"Most of my subscribers — and I think a lot of OnlyFans girls will say this — they're there for your personality as well," Knight explained. "You might be able to watch that and imagine that that's me and that's real, because it looks so realistic, but you won't have the opportunity to chat to me and really connect with me, which I think is a huge aspect of OnlyFans."

'Governments won't prioritise porn industry', adult entertainer says

Fellow model Bonnie Blue likened deep-fakes to content leaks and said AI has advanced so rapidly, "no one really knows how to prevent it and govern it".

"If governments were going to prioritise the effect of deep fakes and AI, I don’t think they would look to the porn industry first," she told Yahoo. "I guess porn will change as technology advances and this is just one step towards that. It’s not very nice for people to have their faces stolen without their consent and placed into porn, but it’s not much different to when my content gets leaked online.

"I decided to put myself in the position of shooting porn and therefore I feel I have to take these things as part of life. But I do agree, celebrities and the general public that do fall victim to deep fakes — it must be very distressing and it is wrong for this to be happening."

Blue hypothesised that AI could even "be good for my business model but equally disastrous".

"I think with AI in general, no one really knows if it will be a good thing for any industry, but it is inevitable that it will have a huge effect," she said, while calling for "more legislation to protect people from what is technically fraud and impersonation".

"My brand is making relatable and realistic porn and AI will not be able to replace that aspect of it," she said.

OnlyFans creators Nathan Soligo (left) and Rebecca McLeod pictured in a car.
Rebecca and Nathan are "high school sweethearts" who travel the world, earning 500k a year doing OnlyFans videos. Source: Supplied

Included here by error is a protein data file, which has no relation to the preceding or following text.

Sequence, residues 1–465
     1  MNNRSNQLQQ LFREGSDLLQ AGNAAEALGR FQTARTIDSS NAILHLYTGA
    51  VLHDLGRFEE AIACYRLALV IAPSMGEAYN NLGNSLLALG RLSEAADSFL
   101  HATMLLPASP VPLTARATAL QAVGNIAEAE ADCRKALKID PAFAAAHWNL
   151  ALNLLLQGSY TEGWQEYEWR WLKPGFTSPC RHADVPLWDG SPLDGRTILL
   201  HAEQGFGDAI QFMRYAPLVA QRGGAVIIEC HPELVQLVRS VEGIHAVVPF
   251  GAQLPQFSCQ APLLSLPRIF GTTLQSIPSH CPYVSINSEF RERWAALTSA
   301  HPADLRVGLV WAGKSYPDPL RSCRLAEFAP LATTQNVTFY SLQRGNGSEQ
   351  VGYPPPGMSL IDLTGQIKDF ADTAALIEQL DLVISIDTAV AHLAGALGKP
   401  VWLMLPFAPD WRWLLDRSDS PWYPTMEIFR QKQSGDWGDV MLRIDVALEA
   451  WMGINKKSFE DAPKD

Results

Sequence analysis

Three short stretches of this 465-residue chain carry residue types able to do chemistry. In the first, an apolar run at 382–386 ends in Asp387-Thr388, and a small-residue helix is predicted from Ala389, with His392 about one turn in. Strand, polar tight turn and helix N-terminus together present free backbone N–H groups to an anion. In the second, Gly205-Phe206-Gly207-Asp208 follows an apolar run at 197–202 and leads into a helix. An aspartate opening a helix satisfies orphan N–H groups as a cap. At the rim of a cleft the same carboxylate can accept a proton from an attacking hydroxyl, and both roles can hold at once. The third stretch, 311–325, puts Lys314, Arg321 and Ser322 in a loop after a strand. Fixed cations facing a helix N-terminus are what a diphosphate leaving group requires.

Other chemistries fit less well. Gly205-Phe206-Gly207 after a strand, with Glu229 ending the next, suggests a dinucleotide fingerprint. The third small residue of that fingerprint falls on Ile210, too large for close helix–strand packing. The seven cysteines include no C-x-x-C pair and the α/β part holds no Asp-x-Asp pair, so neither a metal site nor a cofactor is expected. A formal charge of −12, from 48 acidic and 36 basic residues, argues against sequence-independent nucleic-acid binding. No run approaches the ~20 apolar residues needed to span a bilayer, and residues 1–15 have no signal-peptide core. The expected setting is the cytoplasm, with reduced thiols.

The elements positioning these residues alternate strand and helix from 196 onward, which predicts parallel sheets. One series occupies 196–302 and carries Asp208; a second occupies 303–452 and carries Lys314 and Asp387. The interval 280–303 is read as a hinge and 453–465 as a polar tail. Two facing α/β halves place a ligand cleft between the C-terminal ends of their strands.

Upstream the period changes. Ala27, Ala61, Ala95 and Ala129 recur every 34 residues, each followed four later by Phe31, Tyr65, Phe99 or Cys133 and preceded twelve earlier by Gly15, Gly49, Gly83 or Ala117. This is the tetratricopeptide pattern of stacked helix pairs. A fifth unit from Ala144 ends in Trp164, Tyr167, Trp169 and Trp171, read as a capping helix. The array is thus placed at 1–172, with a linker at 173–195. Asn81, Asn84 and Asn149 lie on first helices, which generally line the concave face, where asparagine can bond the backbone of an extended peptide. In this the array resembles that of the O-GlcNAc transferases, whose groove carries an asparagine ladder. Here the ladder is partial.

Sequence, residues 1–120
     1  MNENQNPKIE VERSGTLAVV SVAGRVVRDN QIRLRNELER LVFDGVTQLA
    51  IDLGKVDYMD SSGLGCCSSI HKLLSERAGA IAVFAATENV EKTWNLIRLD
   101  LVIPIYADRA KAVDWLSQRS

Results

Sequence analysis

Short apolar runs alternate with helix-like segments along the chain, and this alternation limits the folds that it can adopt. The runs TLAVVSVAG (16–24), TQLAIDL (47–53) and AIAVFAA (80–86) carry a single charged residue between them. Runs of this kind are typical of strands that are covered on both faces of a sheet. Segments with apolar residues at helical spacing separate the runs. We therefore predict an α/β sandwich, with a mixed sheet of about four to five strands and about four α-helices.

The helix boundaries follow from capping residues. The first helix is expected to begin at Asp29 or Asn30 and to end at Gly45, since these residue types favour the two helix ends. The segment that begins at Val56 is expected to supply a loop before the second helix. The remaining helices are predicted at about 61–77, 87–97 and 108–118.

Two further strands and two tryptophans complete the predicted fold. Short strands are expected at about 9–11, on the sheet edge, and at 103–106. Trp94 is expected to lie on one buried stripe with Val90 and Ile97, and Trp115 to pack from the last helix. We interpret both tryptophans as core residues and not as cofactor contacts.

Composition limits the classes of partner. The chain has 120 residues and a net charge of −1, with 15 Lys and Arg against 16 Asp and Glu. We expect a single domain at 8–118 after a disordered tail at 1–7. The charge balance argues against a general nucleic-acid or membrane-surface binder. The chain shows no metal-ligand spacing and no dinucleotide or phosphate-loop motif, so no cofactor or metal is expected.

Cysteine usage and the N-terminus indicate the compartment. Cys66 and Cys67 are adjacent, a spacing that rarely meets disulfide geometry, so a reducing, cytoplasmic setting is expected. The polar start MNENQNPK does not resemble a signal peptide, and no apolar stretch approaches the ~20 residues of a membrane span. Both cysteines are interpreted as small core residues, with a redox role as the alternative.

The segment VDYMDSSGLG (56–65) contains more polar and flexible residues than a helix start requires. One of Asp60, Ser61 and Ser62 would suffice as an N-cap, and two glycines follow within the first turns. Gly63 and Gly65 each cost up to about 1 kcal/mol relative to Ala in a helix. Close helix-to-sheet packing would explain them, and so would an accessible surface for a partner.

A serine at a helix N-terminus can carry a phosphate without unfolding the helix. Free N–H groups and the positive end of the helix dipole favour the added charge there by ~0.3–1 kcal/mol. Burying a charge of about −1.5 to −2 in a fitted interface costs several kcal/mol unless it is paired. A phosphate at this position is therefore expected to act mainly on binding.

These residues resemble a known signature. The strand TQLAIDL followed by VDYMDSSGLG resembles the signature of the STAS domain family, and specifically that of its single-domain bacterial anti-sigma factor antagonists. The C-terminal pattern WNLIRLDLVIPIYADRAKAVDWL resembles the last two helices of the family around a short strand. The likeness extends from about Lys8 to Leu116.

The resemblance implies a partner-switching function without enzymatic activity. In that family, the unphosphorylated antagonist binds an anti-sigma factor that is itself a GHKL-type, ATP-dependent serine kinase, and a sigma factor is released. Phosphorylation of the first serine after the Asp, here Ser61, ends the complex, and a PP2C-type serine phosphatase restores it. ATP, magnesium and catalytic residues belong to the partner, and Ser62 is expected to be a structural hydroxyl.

OnlyFans couple Rebecca McLeod and Nathan Soligoa echoed much of Knight and Blue's sentiment, and repeated calls for regulation and "tools to make images and videos more authentic" through the use of watermarks, "which would help websites identify if it’s a fake.

"As well as implementing stronger laws and punishments to distributors," they said.

"[While] we don’t know anyone affected [locally], we would say our main worry would be the loss of customers and income for all creators, due to fans not knowing whether content is still authentic."

Expert warns it 'may be too late' to control AI

As governments all around the globe ponder over how best to regulate AI, Swinburne University Immersive Media Lecturer James Berrett said "while it may be too late to control it", there might be ways to better manage the way it’s used.

"Within the space of 12 to 18 months, AI image generation tools [have advanced to the point that they] can now produce photo realistic results that are becoming very difficult to spot as being fake," he told Yahoo.

"They are readily accessible and easy to use. The potential of AI technology is enormous and how it will ultimately impact society is unknown, which makes it both exciting and concerning.

Berrett hopes "there is a quick solution to identifying" fakes that are then "immediately taken down or labelled as misleading".

"Fortunately, we are starting to see this happen on some platforms but there is still a long way to go," he said. "AI is on a rapid trajectory which makes it difficult to keep up. The best thing we can do is to be more critical online and to always check to see if it is from a trusted source."